The New York City subway rider accused in the chokehold death of a homeless man is a U.S. Marine veteran who was acting to protect himself and other riders and never intended harm, his lawyers said Friday evening.
Daniel J. Penny, 24, has been identified by authorities as the man who allegedly put Jordan Neely in a chokehold following what police said was an altercation Monday on a northbound F train, according to two law enforcement officials familiar with the investigation.
"When Mr. Neely began aggressively threatening Daniel Penny and the other passengers, Daniel, with the help of others, acted to protect themselves, until help arrived," lawyers for Penny said in a statement Friday evening. "Daniel never intended to harm Mr. Neely and could not have foreseen his untimely death."
Neely, 30, was unconscious when police arrived at the Broadway and East Houston Street subway station, and pronounced dead at a hospital, New York police said.
He died from "compression of neck (chokehold)" and the manner was homicide, the city chief medical examiner’s office said. Penny was taken into custody Monday, questioned by police and released. No charges have been filed against him.
Lawmakers and others asked why he was not held by law enforcement authorities longer.
On Friday, two sources familiar with the matter said Manhattan District Attorney Alvin Bragg is expected to present the case to a grand jury for its consideration of possible charges. The timing of when charges might materialize or when the case would otherwise close without prosecution was not clear.
Penny’s lawyers said Neely had a documented history of violent and erratic behavior, the apparent result of ongoing and untreated mental illness.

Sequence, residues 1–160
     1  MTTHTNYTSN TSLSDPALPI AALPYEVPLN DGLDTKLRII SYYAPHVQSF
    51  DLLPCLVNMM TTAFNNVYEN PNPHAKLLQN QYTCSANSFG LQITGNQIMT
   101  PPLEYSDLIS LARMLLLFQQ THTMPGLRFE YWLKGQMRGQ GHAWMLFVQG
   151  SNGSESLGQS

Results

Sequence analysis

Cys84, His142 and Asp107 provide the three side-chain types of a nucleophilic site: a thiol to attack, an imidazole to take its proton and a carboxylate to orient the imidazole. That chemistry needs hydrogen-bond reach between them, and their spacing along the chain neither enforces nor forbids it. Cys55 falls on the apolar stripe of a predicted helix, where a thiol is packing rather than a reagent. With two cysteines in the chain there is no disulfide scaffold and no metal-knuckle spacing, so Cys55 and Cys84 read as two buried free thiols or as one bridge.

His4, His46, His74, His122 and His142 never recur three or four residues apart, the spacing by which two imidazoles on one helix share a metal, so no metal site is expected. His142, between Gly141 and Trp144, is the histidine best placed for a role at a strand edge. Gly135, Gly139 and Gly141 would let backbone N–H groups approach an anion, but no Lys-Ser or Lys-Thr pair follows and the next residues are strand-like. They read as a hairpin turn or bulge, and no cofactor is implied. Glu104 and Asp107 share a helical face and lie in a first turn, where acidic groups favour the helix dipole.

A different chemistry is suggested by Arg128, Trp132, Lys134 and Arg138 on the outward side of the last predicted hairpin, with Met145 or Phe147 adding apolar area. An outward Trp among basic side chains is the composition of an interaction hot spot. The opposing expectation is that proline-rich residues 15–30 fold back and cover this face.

“For too long, those suffering from mental illness have been treated with indifference,” the Raiser and Kenniff law firm said in its statement on behalf of Penny. “We hope that out of this awful tragedy will come a new commitment by our elected officials to address the mental health crisis on our streets and subways.”
The incident, partly captured on cellphone video, has sparked a national debate, with people denouncing vigilantism and some politicians demanding officials do more to address homelessness, mental health and violence on subways. Neely, a subway busker who performed dance routines in costume as Michael Jackson, suffered from mental illness, attorneys for his family said.
Who is Daniel Penny?
Penny graduated from West Islip High School on Long Island, New York, in 2016, a district spokesperson said Friday without disclosing additional details.
He served in the Marines between June 2017 and June 2021 in the 1st Battalion, 2nd Marines, and 2nd Marine Division, according to a spokesperson. He rose to the rank of sergeant and his last duty assignment was at Camp Lejeune in North Carolina.
Penny was awarded two Sea Service Deployment Ribbons and five medals, including the Marine Corps Good Conduct Medal, the Humanitarian Service Medal and the Global War on Terrorism Service Medal.